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Indians as global CEOs: Is it a real triumph?

Last updated on: September 3, 2010 19:32 IST

Indians as global CEOs: Is it a real triumph?

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Kanika Datta

The flutter of interest and comment over Anshu Jain's candidacy for the top job at Deutsche Bank highlighted just how much India Inc loves to applaud every time any businessman or executive of Indian origin makes it to the top in the developed world.

The fortunes of Lakshmi Mittal, baron of the world's largest steel empire, Arun Sarin, who headed Vodafone from 2003 to 2008, Citigroup's Vikram Pandit and PepsiCo's Indra Nooyi, to name a prominent few, are closely covered by the Indian media and celebrated on muscular patriotic websites such as iloveindia.com.

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Image: Anshu Jain.

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Last year, Warren Buffet's praise of Ajit Jain at Berkshire Hathaway found front page mention and triggered considerable speculation about his possible succession to the Oracle of Omaha.

For the most part, this is a harmless, even touching, past-time. In the midst of the rack and ruin of our urban environments and the very public embarrassment in the run up to the Commonwealth Games, such warm, fuzzy nationalism allows us to wallow in reflected pride and in the notion that, despite the odds, Indians can succeed in the tough, competitive world of global business where it is suspected that prejudices override objectivity. Is this vicarious self-esteem justified?

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Image: Ajit Jain.

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Indians as global CEOs: Is it a real triumph?

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If you run an eye down the top 100 global corporations in the latest Fortune list, the national origin, if not the official citizenship, of the CEO mostly mimics the provenance of the corporation.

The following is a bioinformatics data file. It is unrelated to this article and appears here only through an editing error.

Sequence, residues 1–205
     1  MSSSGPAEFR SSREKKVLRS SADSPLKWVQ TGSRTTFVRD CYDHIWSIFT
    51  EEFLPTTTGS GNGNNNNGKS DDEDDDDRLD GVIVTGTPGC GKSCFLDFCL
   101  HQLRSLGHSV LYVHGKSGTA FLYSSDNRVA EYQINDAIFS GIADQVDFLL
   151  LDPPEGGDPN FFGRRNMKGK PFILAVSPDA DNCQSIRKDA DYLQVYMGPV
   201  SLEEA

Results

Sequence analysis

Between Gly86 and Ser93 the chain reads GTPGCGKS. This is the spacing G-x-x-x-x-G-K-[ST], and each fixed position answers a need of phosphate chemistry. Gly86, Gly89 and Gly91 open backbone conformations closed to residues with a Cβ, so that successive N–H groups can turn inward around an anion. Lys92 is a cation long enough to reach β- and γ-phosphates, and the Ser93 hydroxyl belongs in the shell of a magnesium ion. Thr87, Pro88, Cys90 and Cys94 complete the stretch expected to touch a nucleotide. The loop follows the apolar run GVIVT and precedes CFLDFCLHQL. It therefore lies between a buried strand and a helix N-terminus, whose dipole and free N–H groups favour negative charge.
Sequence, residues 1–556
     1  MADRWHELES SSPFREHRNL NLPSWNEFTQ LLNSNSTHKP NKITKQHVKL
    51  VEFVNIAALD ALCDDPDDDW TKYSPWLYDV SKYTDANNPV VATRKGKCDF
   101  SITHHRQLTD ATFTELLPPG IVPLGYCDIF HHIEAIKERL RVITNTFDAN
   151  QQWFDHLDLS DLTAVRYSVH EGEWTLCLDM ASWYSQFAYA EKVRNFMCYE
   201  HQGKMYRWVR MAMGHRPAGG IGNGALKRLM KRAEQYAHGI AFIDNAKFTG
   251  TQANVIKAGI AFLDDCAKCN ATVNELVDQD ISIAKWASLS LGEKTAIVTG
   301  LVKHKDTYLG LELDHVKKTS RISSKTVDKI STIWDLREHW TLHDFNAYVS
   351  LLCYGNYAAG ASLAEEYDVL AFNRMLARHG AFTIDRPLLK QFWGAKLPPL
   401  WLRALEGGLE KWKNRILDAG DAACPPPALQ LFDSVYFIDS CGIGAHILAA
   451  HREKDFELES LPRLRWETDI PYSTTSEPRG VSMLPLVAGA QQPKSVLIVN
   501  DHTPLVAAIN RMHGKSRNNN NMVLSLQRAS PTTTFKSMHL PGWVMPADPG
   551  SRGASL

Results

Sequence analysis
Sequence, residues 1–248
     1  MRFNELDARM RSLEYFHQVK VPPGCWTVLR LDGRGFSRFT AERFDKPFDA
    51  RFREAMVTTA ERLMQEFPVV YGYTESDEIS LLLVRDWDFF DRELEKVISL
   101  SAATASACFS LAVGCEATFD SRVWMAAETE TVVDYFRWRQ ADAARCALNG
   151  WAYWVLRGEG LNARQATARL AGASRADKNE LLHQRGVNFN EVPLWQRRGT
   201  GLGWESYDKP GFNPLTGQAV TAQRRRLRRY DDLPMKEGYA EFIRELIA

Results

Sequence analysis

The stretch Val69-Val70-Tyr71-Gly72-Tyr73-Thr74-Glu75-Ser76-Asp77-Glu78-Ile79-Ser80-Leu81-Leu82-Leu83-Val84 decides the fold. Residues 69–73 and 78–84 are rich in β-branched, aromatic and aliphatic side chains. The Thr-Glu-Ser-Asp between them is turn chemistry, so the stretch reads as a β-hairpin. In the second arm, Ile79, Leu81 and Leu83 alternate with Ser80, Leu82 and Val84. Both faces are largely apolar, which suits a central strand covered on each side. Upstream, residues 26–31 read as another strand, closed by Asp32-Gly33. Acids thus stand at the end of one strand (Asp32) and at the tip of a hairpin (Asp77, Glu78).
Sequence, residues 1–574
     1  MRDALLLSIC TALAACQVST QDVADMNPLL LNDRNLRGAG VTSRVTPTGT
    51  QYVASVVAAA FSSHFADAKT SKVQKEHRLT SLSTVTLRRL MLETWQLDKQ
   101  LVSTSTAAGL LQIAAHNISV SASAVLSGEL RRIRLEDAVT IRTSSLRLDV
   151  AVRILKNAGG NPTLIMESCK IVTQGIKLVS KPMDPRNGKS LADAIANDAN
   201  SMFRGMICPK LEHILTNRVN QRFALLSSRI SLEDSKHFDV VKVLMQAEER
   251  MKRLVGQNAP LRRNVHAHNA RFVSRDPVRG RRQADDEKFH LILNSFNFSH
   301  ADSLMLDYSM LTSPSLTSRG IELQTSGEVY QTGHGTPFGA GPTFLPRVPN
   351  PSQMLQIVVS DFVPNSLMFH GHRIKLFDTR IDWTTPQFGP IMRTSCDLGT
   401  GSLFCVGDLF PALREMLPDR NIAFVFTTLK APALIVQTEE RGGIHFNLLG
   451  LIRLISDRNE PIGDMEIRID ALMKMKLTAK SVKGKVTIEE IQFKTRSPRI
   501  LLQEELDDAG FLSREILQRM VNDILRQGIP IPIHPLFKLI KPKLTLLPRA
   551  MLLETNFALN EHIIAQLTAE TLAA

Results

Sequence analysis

This is certainly true of the 20 largest companies. Wal-Mart, the world's largest firm, for instance, is headed by an American, Michael Duke, and Chinese companies Sinopec and State Grid (the world's seventh and eighth largest, respectively) have Chinese nationals as CEOs.

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Image: Michael Duke.

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Indians as global CEOs: Is it a real triumph?

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But it is a person of Indian origin - Vikram Pandit - who breaks this trend as CEO of Citigroup, the 33rd-largest listed company and the world's largest bank (global corporation number four British Petroleum's recently appointed American head Robert Dudley can be discounted since that was largely a political appointment following the Deepwater Horizon disaster).

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Image: Vikram Pandit .

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For the next trend-breaker, you have to come to number 69 where Japan's Sony Corporation is headed by Howard Stringer, an American of Welsh origin - an event that attracted considerable media comment when Stringer was appointed in 2005.

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Image: Howard Stringer.

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Indians as global CEOs: Is it a real triumph?